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The Mideast

Experts suggest Hamas overestimated Arab world support for strikes on Israel

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Israeli airstrikes in Gaza have drawn a more muted response from Egyptian President Mohamed Morsi than Hamas might have hoped for. (AP)

If Hamas thought provoking an Israeli crackdown by raining rockets down on the Jewish state would rally Arab nations to its side, it may have miscalculated badly, experts told FoxNews.com.

The Gaza-based terror group began a barrage of rockets on southern Israel on Nov. 10, which brought a swift reaction from Israel. Israeli air strikes have taken out several Hamas leaders and launch sites, and its military is now poised to rumble into the territory with tanks and soldiers, just as it did four years ago – with equally one-sided results.

As for Hamas’ regional allies, including Egypt, the signs of solidarity have been strictly rhetorical. If Hamas’ campaign was aimed at dragging regional allies into a widening conflict, many experts are skeptical that it will succeed.

“There is sympathy [in Egypt] for what is going on in Gaza, but going to war with Israel is not attractive to Egypt.”

- Dennis Ross, Washington Institute for Near East Policy

“One of the things that may have affected Hamas’ calculus in terms of being able to run more risk with Israel is that they sense there’s a new Egypt,” said Dennis Ross of the Washington Institute for Near East Policy. “There is sympathy [in Egypt] for what is going on in Gaza, but going to war with Israel is not attractive to Egypt.”

Israel’s Operation Pillar of Defense, aimed at stopping Hamas rockets – some fired from launch sites adjacent to hospitals, schools and playgrounds – has been moving closer to an all-out ground war in recent days. Israeli planes, tanks and gunboats have pounded militant positions in Gaza, and some 90 Palestinians, including senior leaders of Hamas, have reportedly been killed in Israeli air strikes.

The most populous of Arab nations, Egypt was a stable entity for decades under Hosni Mubarak. But with the Muslim Brotherhood having swept to power in elections earlier this year, Hamas may have been emboldened to provoke Israel, and in doing so, to challenge Fatah leader Mahmoud Abbas as representative of the Palestinian people.

Egyptian President Mohamed Morsi has condemned Israel’s offensive, but he raised eyebrows when he only sent a deputy to meet with top Hamas officials.

Elliott Abrams, of the Council on Foreign Relations, said Hamas is not gaining the traction it hoped for with Israel’s enemies.  

“The regional picture now, with the Arab Spring, suggests that Hamas will have more support,” Abrams said. “But it isn’t working out that way. The key country is Egypt, which is talking about its support for Hamas but not giving much concrete support.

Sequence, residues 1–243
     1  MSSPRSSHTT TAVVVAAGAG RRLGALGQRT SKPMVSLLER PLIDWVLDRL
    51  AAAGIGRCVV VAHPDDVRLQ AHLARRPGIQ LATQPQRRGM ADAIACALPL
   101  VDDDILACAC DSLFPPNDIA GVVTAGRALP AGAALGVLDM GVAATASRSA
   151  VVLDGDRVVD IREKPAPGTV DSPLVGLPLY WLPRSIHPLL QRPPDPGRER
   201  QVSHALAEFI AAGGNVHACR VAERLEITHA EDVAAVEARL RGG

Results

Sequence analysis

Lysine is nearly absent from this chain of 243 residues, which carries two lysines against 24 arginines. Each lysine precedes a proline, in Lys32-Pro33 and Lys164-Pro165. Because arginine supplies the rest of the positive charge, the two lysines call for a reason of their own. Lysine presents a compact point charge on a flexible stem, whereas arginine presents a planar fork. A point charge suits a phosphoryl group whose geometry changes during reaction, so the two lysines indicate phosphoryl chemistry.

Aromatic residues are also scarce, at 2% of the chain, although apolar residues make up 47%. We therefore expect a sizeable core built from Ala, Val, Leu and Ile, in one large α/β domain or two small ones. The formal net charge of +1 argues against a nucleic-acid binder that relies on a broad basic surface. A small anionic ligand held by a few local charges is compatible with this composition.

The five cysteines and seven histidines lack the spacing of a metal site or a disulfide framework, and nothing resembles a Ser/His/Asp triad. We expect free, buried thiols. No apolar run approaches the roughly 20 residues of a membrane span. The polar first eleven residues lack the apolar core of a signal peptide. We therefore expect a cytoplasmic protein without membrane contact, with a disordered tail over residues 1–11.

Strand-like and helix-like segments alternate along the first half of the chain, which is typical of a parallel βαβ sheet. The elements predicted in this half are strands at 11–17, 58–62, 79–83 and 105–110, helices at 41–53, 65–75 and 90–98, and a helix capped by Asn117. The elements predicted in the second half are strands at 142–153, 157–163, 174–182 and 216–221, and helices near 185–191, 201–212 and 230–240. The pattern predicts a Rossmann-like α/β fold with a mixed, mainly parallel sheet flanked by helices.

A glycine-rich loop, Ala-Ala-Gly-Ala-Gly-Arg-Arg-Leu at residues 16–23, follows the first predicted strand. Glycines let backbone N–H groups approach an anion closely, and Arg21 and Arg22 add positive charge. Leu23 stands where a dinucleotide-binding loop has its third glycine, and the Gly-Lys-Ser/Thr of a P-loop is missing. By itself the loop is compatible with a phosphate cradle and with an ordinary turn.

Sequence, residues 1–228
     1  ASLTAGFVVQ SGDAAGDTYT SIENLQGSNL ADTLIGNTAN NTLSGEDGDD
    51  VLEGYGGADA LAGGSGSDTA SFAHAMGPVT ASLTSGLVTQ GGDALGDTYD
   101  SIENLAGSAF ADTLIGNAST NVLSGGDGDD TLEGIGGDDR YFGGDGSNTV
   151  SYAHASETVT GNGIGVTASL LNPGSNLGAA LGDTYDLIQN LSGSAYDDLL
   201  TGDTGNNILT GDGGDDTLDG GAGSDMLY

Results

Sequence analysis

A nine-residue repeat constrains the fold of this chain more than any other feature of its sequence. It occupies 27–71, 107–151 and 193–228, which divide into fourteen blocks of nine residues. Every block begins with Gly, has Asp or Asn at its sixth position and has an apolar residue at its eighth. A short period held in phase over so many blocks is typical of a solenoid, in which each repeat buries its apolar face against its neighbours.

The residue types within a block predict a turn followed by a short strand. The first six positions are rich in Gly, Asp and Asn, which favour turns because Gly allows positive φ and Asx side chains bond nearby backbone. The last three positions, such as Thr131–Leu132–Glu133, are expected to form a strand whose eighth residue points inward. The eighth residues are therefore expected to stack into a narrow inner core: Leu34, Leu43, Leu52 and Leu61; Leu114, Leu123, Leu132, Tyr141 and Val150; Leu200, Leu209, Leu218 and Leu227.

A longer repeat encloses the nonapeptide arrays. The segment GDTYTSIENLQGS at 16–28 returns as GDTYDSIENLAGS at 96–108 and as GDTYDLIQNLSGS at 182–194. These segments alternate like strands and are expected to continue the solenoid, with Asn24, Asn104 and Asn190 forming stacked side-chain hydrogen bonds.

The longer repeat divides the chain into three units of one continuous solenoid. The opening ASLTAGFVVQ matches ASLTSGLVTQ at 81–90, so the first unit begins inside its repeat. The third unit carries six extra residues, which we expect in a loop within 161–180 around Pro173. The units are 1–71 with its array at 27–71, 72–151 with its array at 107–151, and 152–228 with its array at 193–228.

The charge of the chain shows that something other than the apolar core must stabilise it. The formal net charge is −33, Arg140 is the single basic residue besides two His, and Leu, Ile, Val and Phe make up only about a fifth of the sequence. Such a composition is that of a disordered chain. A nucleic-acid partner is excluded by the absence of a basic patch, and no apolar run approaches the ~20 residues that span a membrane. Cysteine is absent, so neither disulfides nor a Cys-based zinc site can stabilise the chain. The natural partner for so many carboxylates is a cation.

“I think Egypt sees itself, with 85 million people, as far more important than Hamas in Gaza with 1.5 million,” he continued. “Morsi does not want the tail to wag the dog and threaten his own relations with the U.S. and even with Israel. He wants the fighting to stop, because a ground war would inflame opinion in Egypt and perhaps force his hand, and ruin relations with the U.S.”

Israel and Hamas saw tensions boil over after the 2008 U.S. elections, when Israel sent tanks and bulldozers into the Gaza Strip to destroy a system of tunnels used by Hamas to smuggle weapons. Hamas responded with a barrage of mortar and rocket fire lasting several weeks, and Israel mounted Operation Cast Lead, which included seven days of air strikes, followed by a 15-day ground incursion. Israel Defense Forces figures showed that 10 IDF soldiers and three Israeli civilians died, while another 1,166 Palestinians were killed.

“The timing was all on the part of Hamas,” said Daniel Pipes, of the Middle East Forum. “But the difference that I see [from Operation Cast Lead] is that the Israelis may well be saying, ‘Enough is enough. This goes on year after year, and we just don’t need to tolerate it.’”

Ross theorized that Hamas may be under pressure from jihadists within Gaza, and, by exacting a heavy price for the rocket attacks, Israel may be forcing the terror group to choose between serving the purposes of militants and attempting to govern responsibly.

It isn’t just Egypt that is shrugging off the conflict. Most have harsh words for Israel, but that is nothing new. Turkish Prime Minister Recep Tayyip Erdogan on Monday even accused Israel of being a terrorist state. But the turmoil caused by the Arab Spring, in countries that have nascent leadership as well as those where the old guard is holding onto power, has them too preoccupied to offer full-blown support to Hamas.

“Egypt, Syria, Jordan and Lebanon are consumed with internal problems in a way they were not four years ago,” Pipes said. Even Saudi Arabia’s monarchy seems to recognize that Islamist political activism could threaten it, say observers, and the Kingdom has little interest in the Muslim Brotherhood encouraging Hamas' political rise.

Iran is believed to have supplied the Fajr-5s rockets Hamas is using against Israel. At least 121 rockets were fired at Israel from the Gaza Strip on Monday, down from 156 on Sunday and 230 on Saturday, Ynet reported. But one expert told FoxNews.com that Iran, reeling under crippling sanctions, is more likely looking to create a regional distraction to help its ally Assad quell a bloody revolution.

“Iran’s influence in the region is declining, and Tehran would very much like to change that,” he said. “But they’re not going to let Hamas draw them into a war with Israel.”